Taking a diuretic? Take this, too
Diuretics are commonly called "water pills" because they rid the body of excess water. They're very effective at that, as anyone rushing to the bathroom after swallowing one will tell you.
But in reality, you lose more than just water with each flush of the toilet. These pills can also chase out potassium -- and that's why people who take them are often deficient in this mineral, which is so essential to heart function.
So if you're on a diuretic drug, you almost certainly need to take a potassium supplement, too.
It's not just important. It's essential -- and new research confirms they can make the difference between life and death.
If you're taking a relatively low dose of the diuretic furosemide, potassium supplements can cut your risk of death by 7 percent, according to the study in PLoS One.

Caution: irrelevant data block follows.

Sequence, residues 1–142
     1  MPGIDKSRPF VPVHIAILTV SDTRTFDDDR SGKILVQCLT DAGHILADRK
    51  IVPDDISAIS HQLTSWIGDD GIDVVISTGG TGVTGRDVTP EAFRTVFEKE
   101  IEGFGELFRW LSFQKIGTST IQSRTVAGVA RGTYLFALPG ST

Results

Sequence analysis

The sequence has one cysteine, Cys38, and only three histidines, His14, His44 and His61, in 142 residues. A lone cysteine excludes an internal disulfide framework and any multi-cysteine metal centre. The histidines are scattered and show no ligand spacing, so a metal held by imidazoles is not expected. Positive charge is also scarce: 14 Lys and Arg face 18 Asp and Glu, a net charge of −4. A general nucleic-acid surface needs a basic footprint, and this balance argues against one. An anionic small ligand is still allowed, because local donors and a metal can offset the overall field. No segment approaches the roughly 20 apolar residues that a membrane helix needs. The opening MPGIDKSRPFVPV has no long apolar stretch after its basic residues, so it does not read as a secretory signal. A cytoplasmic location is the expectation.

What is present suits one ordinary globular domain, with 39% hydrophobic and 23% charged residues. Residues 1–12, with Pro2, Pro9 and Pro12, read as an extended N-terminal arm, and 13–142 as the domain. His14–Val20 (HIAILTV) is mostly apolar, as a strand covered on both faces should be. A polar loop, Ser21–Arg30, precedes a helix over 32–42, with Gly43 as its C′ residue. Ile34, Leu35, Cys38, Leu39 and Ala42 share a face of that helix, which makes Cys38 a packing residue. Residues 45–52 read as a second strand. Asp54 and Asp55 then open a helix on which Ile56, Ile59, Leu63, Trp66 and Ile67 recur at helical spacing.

But the higher the dose, the more essential those potassium supplements become. And if you're taking the more common dose of 40 milligrams a day or more, potassium supplements will cut your risk of death by 16 percent.
If you're on a diuretic now and haven't been told to take potassium supplements, don't start on your own -- be sure to call your doctor first. While most pharmaceutical diuretics also remove potassium, not all of them do.
Better yet, speak to a holistic medical doctor about safe and natural alternatives to diuretic drugs. Dandelion, for example, can flush out excess water without decreasing potassium and magnesium.